Quick and slow political resignations

Ivica Celikovic. Free Press Archive

Political leaders, the media, and the general public would probably be more willing to understand political accountability and resignations if it did so through a conciliatory perspective.

"It seems worth considering, given that the resignations and change of government in many places, as in the case of Macedonia, take place in a tense conflict environment of political irreconcilability, followed by revanchism, further deepening of hatred and divisions." "cleaning up" the administrative echelons to bring in own party members and halflings, threatening with imprisonment for "nonsense, crime, nepotism and the mafia criminal association of the previous government."

And in conditions when the winner of the elections after long tensions and coalition bargaining takes over the government, but to a large extent the control over the three pillars of the division of power in the system. It is interesting that the number of individuals who fight "like a lion" for top positions in the parties, to get a chance to decide on the future and development of the country, but also on the fate of defeated political competitors is still not small. The Macedonian political milieu is full of figures who have been parading in the parliament and the media for years, entangling themselves in the role of party soldiers of trust, whose basic motto is - "the conquest of power justifies all means", without feeling any responsibility to explain what way they themselves strive to stimulate social development and democracy.

Macedonia is certainly not an isolated case in the region where politics works with a number of similarities. A good example in this context is the former Greek Prime Minister Alexis Tsipras, who initially had a short term, in conditions of severe financial crisis in the country, and explained the reasons for his resignation, among other things, claiming that his government can not take responsibility for what the previous government did, including the country's enormous indebtedness. "We did not do that," Tsipras said at the time. Thus ended the rapid political resignation of Tsipras, who soon became prime minister again. But at the same time, the question remains how to ensure a long-term approach to taking responsibility for the country's development, if the change of government is reduced to mutual accusations of omissions and inconsistencies.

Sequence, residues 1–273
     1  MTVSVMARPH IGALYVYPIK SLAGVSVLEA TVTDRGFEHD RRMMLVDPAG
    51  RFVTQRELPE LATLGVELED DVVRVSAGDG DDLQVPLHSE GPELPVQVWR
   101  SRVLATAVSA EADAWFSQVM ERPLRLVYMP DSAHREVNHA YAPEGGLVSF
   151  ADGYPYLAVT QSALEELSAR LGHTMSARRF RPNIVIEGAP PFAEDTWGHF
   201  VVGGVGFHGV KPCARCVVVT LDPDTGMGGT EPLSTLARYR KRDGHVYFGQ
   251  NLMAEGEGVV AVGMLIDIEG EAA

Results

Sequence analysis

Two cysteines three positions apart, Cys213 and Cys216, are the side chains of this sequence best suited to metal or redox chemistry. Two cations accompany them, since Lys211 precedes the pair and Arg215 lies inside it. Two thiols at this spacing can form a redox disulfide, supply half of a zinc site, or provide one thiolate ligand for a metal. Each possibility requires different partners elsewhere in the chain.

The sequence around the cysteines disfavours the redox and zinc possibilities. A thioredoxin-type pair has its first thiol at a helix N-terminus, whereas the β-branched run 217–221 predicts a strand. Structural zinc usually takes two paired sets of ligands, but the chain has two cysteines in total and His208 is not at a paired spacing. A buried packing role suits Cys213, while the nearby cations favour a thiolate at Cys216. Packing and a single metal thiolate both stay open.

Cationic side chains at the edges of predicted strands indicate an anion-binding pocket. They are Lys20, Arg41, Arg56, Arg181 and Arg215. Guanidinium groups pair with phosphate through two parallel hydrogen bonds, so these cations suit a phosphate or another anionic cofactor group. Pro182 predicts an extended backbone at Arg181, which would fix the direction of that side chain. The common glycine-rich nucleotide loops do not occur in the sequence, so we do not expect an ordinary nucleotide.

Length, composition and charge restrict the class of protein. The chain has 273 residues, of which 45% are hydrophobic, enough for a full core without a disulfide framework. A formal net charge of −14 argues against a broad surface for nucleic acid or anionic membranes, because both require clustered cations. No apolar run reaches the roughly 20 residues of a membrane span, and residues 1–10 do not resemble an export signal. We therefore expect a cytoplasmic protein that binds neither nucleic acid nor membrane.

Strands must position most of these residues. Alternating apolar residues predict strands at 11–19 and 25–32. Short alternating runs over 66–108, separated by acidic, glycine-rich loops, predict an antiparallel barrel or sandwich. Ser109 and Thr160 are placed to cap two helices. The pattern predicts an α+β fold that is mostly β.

Each country has its own crises and problems that need to be addressed politically. In Western countries, political resignations are not uncommon, for example, in the event of an election defeat, although some prime ministers or ministers manage to return to power. Swedish Prime Minister Stefan Lвенwen, who already faced a no-confidence vote in parliament this summer and was forced to resign, has since been re-appointed prime minister. But Lowen recently resigned to give the Social Democrats' new leader, who is due to be elected, enough time before next year's election. Such and similar castlings provoke debate precisely on the issue of the problem associated with high-ranking politicians and the attitude towards responsibility and long-term commitment in politics.

But to take responsibility for the omissions and mistakes made in connection with one's own political role, even when the mistakes may not be directly related to the politician's personality and intentions, is considered a much greater act, deeper and more dignified, than is usually interpreted from a position. to the daily political accusations and the use of the shown weaknesses as an argument to demand resignations.

Ultimately, the conscious taking of political responsibility always takes place in special circumstances, mostly in order to establish and strengthen the fundamental set-up and smooth functioning of democratic principles. Therefore, theoretically, the elections are actually considered as a real opportunity to demand responsibility, where the citizens can with their votes show who they are dissatisfied with.

But what the theory partially overlooks is the fact that politicians leave, but long-term consequences of the way they govern remain, which means that in that sense it is significantly more difficult to find forms of accountability. One is that it can be understood and interpreted as taking responsibility for oneself, and it is quite another that it is imposed as a transfer of responsibility, and as a result of one's own policy and its consequences on someone else.

No Macedonian party in the past decades has been celebrated with the moral aspects of taking responsibility for the results of its own policy for which it has gained the trust of the voters. "VMRO-DPMNE, trying to take advantage of the moment and present itself to the public as a renewed moral compass in society, with unprecedented persistence demands the resignation of ministers from the ranks of SDSM, without manifesting in a more serious way readiness to face their own ministerial" achievements ”and ignoring the demands for their resignations during the previous ten years of rule.

In the Macedonian political reality, the resignations are the least fast, and they are not even slow, when they will finally happen. They are always intrusive under strong pressure, and regardless of ideological differences, which are often used as a cover to blur the critique that seeks to take political responsibility. But whether they are fast or slow, they are actually necessary to build trust in the democratic system and its importance to those who see it as a key goal in democratic elections in the comfortable seating of the cabinet.


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